Lower mortgage interest rates can be great for Canadians looking to purchase homes or refinance their current loans, but Financial Institutions Commission (FICOM) CEO Carolyn Rogers recently expressed concern regarding the potential for predatory practices among unscrupulous mortgage brokers.
“Compensation in [the broker] business is largely volume driven, ” Rogers noted at a conference held by the Mortgage Brokers Association of BC. “So I wonder what the chances are that anyone ever has a conversation with a borrower about whether they can really afford the home they are buying, and the mortgage that goes with it, particularly if interest rates rise.”
Make Sure Your Mortgage Works for YOU, Not Just Your Broker
Most mortgage brokers are honest and straightforward deal-makers who want their clients—homeowners and lenders alike—to find good matches with each other. It’s good for the broker when it comes to establishing long-term relationships, and its good for lenders and borrowers to make sure mortgage payments fit comfortable in the borrower’s budget.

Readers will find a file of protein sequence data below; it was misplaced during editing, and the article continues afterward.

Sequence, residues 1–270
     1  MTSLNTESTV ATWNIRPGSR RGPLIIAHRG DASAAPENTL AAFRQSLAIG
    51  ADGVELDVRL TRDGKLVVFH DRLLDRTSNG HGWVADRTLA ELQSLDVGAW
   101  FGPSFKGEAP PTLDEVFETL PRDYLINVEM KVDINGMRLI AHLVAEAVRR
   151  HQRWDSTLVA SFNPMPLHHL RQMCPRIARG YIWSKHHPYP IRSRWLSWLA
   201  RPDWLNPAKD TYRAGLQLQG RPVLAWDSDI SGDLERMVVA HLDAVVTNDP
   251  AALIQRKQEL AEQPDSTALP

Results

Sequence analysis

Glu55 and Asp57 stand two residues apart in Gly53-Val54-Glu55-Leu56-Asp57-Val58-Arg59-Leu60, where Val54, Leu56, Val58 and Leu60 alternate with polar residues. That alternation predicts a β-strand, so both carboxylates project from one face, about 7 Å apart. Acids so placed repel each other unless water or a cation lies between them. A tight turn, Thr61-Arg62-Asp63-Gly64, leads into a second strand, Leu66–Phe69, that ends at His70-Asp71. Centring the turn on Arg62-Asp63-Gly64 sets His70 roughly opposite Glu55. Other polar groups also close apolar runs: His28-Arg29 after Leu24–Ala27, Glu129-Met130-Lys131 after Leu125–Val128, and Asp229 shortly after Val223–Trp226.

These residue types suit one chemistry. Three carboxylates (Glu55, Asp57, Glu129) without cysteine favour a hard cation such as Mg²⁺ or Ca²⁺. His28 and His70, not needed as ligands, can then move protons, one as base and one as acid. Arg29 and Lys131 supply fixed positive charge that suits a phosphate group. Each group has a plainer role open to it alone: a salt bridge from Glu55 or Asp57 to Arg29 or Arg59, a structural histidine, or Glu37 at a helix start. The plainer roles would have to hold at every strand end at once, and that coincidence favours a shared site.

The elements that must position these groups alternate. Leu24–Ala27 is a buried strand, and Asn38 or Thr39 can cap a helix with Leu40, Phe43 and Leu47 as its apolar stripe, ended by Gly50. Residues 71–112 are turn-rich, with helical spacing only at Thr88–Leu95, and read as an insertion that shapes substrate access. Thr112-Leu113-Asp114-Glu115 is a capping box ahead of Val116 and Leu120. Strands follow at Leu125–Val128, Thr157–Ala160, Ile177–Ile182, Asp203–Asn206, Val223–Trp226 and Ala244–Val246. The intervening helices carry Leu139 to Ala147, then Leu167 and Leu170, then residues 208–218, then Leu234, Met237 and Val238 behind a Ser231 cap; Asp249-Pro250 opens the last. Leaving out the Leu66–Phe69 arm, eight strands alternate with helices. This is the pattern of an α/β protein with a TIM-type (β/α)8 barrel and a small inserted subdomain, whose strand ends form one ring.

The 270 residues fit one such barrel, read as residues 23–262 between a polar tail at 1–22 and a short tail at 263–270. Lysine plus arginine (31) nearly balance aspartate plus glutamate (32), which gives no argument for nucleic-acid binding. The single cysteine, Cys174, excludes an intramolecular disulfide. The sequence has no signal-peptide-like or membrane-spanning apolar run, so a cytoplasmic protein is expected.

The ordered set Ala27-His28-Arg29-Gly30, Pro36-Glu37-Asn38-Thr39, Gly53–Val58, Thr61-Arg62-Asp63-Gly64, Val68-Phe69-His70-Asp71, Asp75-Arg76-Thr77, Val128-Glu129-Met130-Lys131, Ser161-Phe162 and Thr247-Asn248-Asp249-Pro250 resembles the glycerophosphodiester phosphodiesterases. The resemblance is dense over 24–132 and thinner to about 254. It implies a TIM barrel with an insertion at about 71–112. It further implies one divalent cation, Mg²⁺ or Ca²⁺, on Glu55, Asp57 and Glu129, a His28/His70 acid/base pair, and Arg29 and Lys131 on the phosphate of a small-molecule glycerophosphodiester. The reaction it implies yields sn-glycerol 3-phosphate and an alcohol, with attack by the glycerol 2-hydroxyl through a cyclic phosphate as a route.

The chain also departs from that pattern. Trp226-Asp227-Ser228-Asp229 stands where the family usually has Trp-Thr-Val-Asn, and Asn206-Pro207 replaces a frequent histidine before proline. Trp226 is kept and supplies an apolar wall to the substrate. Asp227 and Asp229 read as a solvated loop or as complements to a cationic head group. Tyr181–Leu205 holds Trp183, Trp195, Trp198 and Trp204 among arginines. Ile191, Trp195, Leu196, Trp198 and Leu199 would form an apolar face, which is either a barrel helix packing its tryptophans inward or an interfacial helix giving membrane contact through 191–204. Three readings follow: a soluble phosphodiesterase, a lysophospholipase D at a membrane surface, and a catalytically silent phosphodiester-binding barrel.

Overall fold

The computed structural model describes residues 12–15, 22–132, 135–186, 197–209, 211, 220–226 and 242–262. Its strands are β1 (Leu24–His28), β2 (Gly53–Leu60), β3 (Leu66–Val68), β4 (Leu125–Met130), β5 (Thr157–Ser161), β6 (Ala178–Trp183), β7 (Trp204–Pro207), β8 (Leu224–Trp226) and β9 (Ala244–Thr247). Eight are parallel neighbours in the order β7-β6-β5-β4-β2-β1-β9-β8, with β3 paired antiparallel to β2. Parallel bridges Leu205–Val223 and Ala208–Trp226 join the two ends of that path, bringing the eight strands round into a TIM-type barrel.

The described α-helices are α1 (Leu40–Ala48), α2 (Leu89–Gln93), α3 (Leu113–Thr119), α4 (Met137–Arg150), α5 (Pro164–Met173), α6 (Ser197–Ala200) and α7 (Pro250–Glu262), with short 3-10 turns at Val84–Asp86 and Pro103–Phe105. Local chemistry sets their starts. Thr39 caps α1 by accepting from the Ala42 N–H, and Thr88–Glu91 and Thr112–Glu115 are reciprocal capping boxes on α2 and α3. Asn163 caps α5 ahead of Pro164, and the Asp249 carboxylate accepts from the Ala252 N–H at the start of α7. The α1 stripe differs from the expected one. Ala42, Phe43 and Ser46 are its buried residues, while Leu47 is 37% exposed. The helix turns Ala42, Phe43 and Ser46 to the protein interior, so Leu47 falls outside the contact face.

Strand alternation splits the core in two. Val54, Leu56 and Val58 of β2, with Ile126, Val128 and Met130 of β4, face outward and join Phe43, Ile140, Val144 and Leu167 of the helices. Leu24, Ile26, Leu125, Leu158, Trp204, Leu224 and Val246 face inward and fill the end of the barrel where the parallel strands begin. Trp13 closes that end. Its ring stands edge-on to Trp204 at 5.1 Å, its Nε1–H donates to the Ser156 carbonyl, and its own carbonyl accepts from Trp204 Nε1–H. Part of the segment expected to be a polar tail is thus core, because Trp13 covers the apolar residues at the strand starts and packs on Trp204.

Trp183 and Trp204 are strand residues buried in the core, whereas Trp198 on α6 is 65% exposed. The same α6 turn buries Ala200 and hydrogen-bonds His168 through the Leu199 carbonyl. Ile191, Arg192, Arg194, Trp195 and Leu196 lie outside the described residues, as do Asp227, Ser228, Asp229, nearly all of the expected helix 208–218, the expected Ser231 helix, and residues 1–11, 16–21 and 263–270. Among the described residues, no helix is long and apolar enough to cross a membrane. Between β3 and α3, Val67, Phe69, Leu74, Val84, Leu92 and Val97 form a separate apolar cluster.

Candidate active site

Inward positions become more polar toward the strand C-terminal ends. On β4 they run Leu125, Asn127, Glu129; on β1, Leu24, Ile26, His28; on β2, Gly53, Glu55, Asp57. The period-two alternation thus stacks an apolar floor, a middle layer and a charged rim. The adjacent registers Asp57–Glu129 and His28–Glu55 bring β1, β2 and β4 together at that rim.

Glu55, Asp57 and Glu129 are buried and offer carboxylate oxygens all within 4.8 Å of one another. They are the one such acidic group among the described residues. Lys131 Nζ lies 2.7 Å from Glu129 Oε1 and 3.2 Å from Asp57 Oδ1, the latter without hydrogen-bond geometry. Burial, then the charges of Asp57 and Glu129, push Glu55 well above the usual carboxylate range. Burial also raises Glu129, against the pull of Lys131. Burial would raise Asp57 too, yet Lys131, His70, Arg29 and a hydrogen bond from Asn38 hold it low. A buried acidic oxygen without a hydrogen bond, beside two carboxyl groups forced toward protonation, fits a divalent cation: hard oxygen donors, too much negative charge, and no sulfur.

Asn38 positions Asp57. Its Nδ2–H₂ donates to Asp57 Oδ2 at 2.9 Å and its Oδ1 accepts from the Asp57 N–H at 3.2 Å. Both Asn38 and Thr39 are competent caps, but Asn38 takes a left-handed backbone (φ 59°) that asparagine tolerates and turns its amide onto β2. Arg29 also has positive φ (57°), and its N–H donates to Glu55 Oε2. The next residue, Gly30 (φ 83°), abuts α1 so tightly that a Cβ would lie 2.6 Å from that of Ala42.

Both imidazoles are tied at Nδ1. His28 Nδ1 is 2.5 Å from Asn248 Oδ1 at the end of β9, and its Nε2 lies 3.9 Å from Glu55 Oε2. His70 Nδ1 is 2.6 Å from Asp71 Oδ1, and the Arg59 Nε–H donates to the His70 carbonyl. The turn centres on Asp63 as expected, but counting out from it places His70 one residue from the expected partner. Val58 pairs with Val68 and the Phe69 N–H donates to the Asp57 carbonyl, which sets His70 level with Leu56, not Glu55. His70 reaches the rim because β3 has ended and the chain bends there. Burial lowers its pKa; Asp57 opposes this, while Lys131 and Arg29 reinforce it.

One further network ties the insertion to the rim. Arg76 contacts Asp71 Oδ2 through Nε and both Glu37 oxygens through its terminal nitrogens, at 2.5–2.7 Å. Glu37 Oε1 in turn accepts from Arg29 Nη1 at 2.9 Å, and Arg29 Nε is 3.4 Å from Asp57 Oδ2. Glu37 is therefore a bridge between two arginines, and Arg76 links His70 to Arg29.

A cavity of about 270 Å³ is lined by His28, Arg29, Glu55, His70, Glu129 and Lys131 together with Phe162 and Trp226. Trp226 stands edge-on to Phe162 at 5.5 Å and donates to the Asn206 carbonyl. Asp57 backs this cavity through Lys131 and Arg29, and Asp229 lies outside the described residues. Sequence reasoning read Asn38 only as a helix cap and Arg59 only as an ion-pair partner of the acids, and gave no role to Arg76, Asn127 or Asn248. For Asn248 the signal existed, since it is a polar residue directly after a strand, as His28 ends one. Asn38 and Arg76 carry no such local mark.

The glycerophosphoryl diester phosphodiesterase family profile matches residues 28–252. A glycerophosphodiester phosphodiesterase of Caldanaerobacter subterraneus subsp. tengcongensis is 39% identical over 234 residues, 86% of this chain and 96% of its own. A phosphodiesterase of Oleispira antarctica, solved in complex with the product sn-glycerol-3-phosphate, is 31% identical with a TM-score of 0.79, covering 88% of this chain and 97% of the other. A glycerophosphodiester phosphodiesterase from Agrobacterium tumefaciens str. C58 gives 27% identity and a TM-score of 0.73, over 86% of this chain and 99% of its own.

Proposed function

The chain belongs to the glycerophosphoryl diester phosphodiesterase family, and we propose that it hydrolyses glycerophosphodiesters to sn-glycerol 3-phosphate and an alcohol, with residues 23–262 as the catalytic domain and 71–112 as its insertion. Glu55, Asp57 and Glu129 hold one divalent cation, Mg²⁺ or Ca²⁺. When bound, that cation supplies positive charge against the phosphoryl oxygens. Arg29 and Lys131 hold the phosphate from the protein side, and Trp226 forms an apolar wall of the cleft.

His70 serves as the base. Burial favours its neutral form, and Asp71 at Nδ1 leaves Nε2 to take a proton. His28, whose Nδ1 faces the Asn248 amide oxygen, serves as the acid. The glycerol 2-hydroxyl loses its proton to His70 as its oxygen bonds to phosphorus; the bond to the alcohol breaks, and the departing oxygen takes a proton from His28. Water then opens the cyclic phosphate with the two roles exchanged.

As with any industry, though, there are some brokers who will try to make a quick buck by making mortgage deals at dollar amounts higher than a purchaser or refinancer can actually afford. More expensive mortgages mean more money in the broker’s pocket, and for a few operators in the Canadian mortgage industry this can be enough incentive to throw ethics and their clients’ best interests out the window.
Make sure you find a mortgage broker you can trust, and go over the details of your loan and your monthly mortgage payments with a careful and conservative eye. The right broker won’t try to talk you into buying more home or borrowing more than you truly need or can easily afford, so if you’re feeling pressured don’t be scared to walk away.
There’s always another mortgage broker just around the corner who will be more than happy to help you get the home and the loan that’s right for you, not just the brokerage.